Archives for posts with tag: cancer

Who, what, where, how, and why are interrogatives, nouns that signal a question.

Very soon after babies start speaking words we understand, they start asking questions, “what” and “who” questions, most commonly phrased in one baby word, “Da’at?” (That, as in “what’s that?” or “who’s that?”) They are learning nouns, the names for people, places and things.

As parents, one of the challenging stages of our children’s development happens a few years later, when we are CONSTANTLY asked, “Why?” We provide the explanation, which is followed up with another, “Why?” It can be exhausting as parents often convey to me.

However, finding out “why” is not always the function of these questions. Some children are just learning that “why” is part of having conversation. Asking “why” is a way of guiding the direction of the conversation, a powerful skill, indeed. Sometimes “why” serves the function of stalling for bed, for clean-up, or for any other distasteful parental instruction that has just been given.

When I was a psychology researcher, there were a lot of questions phrased as “why”. But were they really “why” questions? It seems to me that most scientific questions are actually answering “how” questions; they address questions related to process and sequence. In treatment research, the question is even more rudimentary, “Does it work?” Treatments manipulate many many variables and as a result, it can be difficult to explicate how they work even if they appear to do so. I mean, we have ideas and models for how we think treatments may work but it is difficult to know for sure.

“How” and “why” questions can also preface statements of distress. “How did this happen?” “Why me?” Having a plausible explanation for situations, even if they are not objectively true, can be rather comforting and reduce distress.

“Why” questions are also a concentration of philosophy and religion. “Why are we here?” “Why am I here?”

As a person drawn to complexity, you might think that I would love pondering these big questions. Sometimes I do. Sometimes, I even enjoy it. But some questions are so large and complex that trying to answer the question seems to be a great oversimplification. We have enough people boiling down big problems to utter simplicity, much to the detriment of our world. Most of the current presidential candidates come to mind.

Why are we here?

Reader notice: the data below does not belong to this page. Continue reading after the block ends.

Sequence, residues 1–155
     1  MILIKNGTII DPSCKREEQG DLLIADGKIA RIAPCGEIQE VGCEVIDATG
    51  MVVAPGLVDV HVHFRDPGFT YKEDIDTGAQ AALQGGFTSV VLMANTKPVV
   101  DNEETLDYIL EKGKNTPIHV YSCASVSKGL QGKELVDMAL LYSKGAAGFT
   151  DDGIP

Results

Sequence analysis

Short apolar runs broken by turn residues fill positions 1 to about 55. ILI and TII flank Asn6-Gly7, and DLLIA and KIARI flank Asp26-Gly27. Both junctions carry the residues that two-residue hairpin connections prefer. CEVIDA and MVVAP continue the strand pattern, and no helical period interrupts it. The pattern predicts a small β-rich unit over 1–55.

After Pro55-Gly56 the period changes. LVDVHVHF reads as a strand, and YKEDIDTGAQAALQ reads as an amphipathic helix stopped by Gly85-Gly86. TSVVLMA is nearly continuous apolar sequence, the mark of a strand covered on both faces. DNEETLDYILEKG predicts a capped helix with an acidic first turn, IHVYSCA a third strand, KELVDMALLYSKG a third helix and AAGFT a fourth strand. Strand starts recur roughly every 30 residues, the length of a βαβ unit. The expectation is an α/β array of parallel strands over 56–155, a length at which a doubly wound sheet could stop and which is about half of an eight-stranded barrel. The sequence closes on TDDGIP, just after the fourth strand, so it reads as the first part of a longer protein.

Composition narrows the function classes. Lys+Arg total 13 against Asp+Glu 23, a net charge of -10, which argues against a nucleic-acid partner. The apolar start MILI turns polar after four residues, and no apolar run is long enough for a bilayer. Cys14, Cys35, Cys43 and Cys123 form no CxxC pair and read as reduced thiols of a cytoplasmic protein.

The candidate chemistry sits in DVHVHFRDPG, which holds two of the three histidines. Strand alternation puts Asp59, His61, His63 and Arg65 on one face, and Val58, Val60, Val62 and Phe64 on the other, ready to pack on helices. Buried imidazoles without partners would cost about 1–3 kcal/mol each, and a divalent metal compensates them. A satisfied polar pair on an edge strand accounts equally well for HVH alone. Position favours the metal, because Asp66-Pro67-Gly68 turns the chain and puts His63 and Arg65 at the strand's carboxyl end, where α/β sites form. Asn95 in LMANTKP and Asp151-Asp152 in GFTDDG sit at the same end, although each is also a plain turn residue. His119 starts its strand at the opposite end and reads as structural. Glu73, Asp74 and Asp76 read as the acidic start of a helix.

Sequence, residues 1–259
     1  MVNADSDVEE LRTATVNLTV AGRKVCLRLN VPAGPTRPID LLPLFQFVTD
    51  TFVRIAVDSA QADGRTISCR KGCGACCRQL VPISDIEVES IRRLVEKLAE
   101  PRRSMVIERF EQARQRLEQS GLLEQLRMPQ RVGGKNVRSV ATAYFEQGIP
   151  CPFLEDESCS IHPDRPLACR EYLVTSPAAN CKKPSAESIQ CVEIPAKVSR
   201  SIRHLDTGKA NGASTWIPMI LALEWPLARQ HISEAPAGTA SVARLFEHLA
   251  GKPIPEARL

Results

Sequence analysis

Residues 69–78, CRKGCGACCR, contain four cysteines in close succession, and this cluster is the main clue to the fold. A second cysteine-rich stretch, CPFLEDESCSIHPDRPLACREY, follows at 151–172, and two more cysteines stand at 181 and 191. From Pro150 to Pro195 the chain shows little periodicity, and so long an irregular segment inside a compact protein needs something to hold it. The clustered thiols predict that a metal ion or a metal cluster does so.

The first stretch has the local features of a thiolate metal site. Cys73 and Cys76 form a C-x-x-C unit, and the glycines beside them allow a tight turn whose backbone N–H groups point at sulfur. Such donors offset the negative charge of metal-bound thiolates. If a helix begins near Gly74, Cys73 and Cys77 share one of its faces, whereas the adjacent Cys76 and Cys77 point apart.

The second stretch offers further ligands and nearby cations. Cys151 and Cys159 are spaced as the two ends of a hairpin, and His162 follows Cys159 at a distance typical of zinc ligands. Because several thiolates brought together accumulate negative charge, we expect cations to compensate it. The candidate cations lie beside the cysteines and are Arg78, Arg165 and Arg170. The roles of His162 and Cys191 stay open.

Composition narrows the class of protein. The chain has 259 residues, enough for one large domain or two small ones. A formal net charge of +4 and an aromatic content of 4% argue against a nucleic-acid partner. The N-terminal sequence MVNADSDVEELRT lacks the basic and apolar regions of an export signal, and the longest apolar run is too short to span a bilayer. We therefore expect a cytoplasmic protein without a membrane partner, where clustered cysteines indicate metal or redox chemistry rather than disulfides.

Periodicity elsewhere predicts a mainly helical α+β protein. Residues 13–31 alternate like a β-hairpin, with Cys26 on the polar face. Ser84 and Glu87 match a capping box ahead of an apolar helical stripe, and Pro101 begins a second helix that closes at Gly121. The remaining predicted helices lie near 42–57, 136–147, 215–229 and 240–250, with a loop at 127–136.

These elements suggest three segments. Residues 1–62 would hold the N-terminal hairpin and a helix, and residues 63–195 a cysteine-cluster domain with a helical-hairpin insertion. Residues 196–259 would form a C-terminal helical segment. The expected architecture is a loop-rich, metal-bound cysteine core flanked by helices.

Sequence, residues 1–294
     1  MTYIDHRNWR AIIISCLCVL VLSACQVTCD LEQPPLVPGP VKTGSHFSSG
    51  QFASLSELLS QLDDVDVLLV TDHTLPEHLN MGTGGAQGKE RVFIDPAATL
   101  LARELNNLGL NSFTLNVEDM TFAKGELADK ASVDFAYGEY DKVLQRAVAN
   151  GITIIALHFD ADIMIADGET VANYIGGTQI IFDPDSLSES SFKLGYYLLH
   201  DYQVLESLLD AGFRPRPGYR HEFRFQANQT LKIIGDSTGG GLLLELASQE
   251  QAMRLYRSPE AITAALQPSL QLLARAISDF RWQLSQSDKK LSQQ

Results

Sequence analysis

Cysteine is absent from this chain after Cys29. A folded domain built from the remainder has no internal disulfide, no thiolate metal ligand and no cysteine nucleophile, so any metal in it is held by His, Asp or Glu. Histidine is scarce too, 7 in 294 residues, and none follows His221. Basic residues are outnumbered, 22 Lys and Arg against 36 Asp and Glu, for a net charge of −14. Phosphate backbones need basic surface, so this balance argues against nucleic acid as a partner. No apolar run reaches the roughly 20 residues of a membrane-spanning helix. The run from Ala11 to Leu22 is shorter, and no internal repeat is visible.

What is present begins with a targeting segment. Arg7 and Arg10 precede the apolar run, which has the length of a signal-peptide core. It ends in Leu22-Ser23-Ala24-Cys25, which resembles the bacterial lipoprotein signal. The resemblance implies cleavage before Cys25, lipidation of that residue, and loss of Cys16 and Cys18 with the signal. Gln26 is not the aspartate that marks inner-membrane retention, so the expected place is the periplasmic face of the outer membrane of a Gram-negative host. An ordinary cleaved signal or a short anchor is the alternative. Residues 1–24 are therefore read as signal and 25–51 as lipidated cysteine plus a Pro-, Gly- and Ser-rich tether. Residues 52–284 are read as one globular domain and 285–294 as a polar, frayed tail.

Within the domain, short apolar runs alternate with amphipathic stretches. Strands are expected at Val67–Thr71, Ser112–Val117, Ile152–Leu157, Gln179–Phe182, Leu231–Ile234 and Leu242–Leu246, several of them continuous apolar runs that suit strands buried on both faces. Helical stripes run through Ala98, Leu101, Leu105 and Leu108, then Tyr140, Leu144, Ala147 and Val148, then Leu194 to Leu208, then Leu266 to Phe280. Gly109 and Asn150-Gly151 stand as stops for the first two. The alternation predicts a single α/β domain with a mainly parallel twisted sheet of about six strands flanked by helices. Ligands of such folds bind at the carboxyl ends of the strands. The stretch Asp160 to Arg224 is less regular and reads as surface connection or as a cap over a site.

Why did I get cancer?
Why is my kid having such a challenging time with life?
Why am I here?

More and more, these questions are replaced by:
“I am here.”

Most days that is more than enough.

Karen Sutherland is a dear woman whom I’ve not yet met in person. She is a cancer survivor in active treatment, a hospice nurse, a grandmother, a mother, and a recent widow. She recently spoke of a Pay it Forward day in honor of her husband, Hugh’s life on Marie Ennis O’Connor’s blog. Friday is to be “Pay it Forward Day” with the goal of encouraging others to partake in acts of kindness.

I pledged to Karen that I would honor the Pay it Forward Day. I have been thinking about what I might do. Today, it came to me. It came to me in the best way. It can to me in the way I have been bowled over by the positive consequences of small acts of kindness that I’ve directed toward others recently.

I am dedicating this week to conveying my appreciation to people in my life. I would like to start on my blog with an appreciation of Karen. Karen writes beautifully. Her words provide such comfort. It is as if her loving heart spills into each word. Karen comments on so many blogs and provides so much. Her presence in the world is a gift. Thank you, Karen! Please know that we are here for you, as well.

Peace and stay tuned,


I was in line at my bank last weekend, waiting to make a deposit. There was a customer talking to one of the tellers:

Teller (politely): I’m sorry ma’am, we now require picture ID to make cash deposits. May I see your driver’s license.

Customer (annoyed): I never had to do that before. I don’t want to do this every time. Can’t you just use visual recognition?

T: I’m sorry, ma’am but I don’t know you.

C: But you gave me two piggy banks last week!

T: I’m so sorry. I’m new and I have not learned everyone’s face yet.

C: How long have you worked here?

T: I started at this branch in December, ma’am.

C: By my recollection, you’ve worked here five months! Did you work here intermittently?

T: Yes, ma’am.

The customer left having taken 10 seconds to produce photo ID and far longer in first arguing with the teller and then using up time to prove her wrong that she was “new” to the branch.

As a cancer patient, I am asked to produce my insurance card all of the time, so frequently that I keep it in a very accessible pocket on the outside of my purse, right behind my driver’s license. I was tempted to show this lady my purse and say, “Look, instead of digging your ID out of the main compartment of your overnight bag-sized purse, you could have this handy dandy purse that makes it so easy to prove your identity!”

I said nothing. It would not have done any good. I suspect that having the inconvenience of digging her ID out of her bag every time she made a cash deposit was not the issue. She wanted to be recognized. She wanted to be seen, to be important, and to matter. We all want to be recognized from time to time.

Having cancer can be a challenge to one’s identity. It can impact us in different ways from person to person and change over time. Treatment can be so physically, emotionally, and spiritually altering that it can be hard to recognize oneself.

A lot of us dislike the pink ribbon culture because we don’t recognize ourselves in it. That is the biggest disconnect for me because the corporate presence has made it about making money, not about breast cancer.